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Discussion Starter #1
What would be the best shelter to build given these parameters:

  • In New England
  • Must be livable in winter
  • 3-6 weeks of build time before heavy snows
  • Constructable from local materials, using simple tools. Exception being portable items such as tape, a tarp, etc.

I would like to hear suggestions as well as reading material that covers this topic. Thanks!
 

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To the Liberty Tree!
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What size are we talking? Is this for 1 person or a group? Is room needed to cook inside or will it be done outside? I need a little more info please...
 

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New England winters...and with the timeline...hmmmm
I'd go with a combo of the suggestions above.
Dig a cave into a hillside, go back at least 15 feet.Line cave with straw bales and then plaster over with a cob mixture. Continue out the front of the cave with straw bale construction, cutting locally obtained trees of around 6 inches + in diameter for your supports . You want those supports to be in the ground at least three feet for structural support.Earthbags on the outside, adobe or cob on the inside. Roofing, using 4 to 6 in trees for supports, construct the frame of a yurt like roof with a higher degree of pitch than normally seen in yurts to shed snow efficiently, Use smaller trees, 1 to 2 inches to cross frame across roof frame to provide base for next phase. NOW, make sure when constructing roof, you leave a fire hole, you will need that later. Now, take hale and pull bales into flakes approximately 2 inches thick and cover roof. Cover all this with tarps. Then cover tarps with a minimum of hay flaked 6 inches thick. Cover this layer with tarps. Finish off by duct taking all seams on top tarp and coating tarp with good water resistant coating (such as tar). While tar is still a bit fluid and sticky, cover roof with hay a last time in the traditional thatch configuration. Just looks cooler that way.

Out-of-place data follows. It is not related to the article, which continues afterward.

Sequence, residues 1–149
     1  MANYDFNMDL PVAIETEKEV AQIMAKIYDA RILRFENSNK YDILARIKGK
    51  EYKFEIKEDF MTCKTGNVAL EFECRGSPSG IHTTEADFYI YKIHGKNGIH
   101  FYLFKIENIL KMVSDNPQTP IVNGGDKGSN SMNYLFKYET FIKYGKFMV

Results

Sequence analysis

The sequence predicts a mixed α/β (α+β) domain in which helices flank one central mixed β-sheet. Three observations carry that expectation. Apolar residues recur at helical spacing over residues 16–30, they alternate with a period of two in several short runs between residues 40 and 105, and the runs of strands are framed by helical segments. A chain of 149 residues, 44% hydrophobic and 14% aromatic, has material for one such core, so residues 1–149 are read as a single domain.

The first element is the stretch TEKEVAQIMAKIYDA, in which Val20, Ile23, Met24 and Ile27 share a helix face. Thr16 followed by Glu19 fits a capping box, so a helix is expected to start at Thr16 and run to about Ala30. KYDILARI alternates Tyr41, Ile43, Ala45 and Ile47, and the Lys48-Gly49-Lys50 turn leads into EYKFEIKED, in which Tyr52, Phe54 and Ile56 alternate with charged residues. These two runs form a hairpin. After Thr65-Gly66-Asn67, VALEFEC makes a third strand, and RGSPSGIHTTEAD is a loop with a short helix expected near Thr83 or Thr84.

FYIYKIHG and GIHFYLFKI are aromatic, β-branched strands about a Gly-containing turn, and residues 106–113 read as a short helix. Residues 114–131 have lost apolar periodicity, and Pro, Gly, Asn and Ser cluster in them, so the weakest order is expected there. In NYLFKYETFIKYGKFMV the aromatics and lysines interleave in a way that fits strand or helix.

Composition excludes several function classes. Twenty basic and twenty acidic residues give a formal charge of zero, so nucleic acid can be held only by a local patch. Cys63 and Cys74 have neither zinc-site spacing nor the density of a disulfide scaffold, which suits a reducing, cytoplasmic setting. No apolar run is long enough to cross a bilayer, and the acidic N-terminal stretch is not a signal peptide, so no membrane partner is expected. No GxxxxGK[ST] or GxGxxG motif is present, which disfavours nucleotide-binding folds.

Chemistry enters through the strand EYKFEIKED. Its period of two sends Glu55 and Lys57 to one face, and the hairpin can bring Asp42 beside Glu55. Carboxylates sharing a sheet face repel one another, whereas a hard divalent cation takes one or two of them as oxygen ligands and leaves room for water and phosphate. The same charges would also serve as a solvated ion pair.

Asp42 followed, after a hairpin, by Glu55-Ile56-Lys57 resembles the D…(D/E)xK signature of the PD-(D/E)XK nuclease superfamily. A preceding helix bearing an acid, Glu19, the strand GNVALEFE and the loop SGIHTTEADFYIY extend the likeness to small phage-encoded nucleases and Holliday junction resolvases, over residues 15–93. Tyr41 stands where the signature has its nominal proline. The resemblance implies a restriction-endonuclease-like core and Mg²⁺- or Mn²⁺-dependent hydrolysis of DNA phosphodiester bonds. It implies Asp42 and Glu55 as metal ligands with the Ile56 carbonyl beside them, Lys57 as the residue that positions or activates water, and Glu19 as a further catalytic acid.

Or send me a train ticket and give me a tent on property and let me show you how it's done.:D:
 

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Psalm 34:4
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New England winters...and with the timeline...hmmmm
I'd go with a combo of the suggestions above.
Dig a cave into a hillside, go back at least 15 feet.Line cave with straw bales and then plaster over with a cob mixture. Continue out the front of the cave with straw bale construction, cutting locally obtained trees of around 6 inches + in diameter for your supports . You want those supports to be in the ground at least three feet for structural support.Earthbags on the outside, adobe or cob on the inside. Roofing, using 4 to 6 in trees for supports, construct the frame of a yurt like roof with a higher degree of pitch than normally seen in yurts to shed snow efficiently, Use smaller trees, 1 to 2 inches to cross frame across roof frame to provide base for next phase. NOW, make sure when constructing roof, you leave a fire hole, you will need that later. Now, take hale and pull bales into flakes approximately 2 inches thick and cover roof. Cover all this with tarps. Then cover tarps with a minimum of hay flaked 6 inches thick. Cover this layer with tarps. Finish off by duct taking all seams on top tarp and coating tarp with good water resistant coating (such as tar). While tar is still a bit fluid and sticky, cover roof with hay a last time in the traditional thatch configuration. Just looks cooler that way.

Or send me a train ticket and give me a tent on property and let me show you how it's done.:D:
Yep... what she said. Just remember to reinforce the cave you dig while you are digging it. A cave collapse while working would suck.
 

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DIY RPG's
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as my brother-inlaw built a yurt and we lived in it for for 2 weeks in the middle of a nebraska winter with a wood burning stove i'd go for the yurt. we had my my sister her husband there two younglings,me kathy and kyra, 2 full grown Alaskan malamutes "bed warmers",and about 5 other friends. the yurt worked out great and was warm enough.
 

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Psalm 34:4
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as my brother-inlaw built a yurt and we lived in it for for 2 weeks in the middle of a nebraska winter with a wood burning stove i'd go for the yurt. we had my my sister her husband there two younglings,me kathy and kyra, 2 full grown Alaskan malamutes "bed warmers",and about 5 other friends. the yurt worked out great and was warm enough.
Do you have any pics you could post? Instructions or building tips? I think it would make a good thread.
 

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DIY RPG's
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jfountain2 no problem i'll get right the emailing of my brother-inlaw but i promise to make a thread for it. Doh why didn't i think of that.
 

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Shuriken snowflake
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I seem to always end up with pyramid shaped buildings, they are easy to construct and it's rather easy to get proper insulation, and put a fireplace in the middle. A small hole in the roof or a proper pipe. Light a fire and heat up some stones as bed warmers. :)
 
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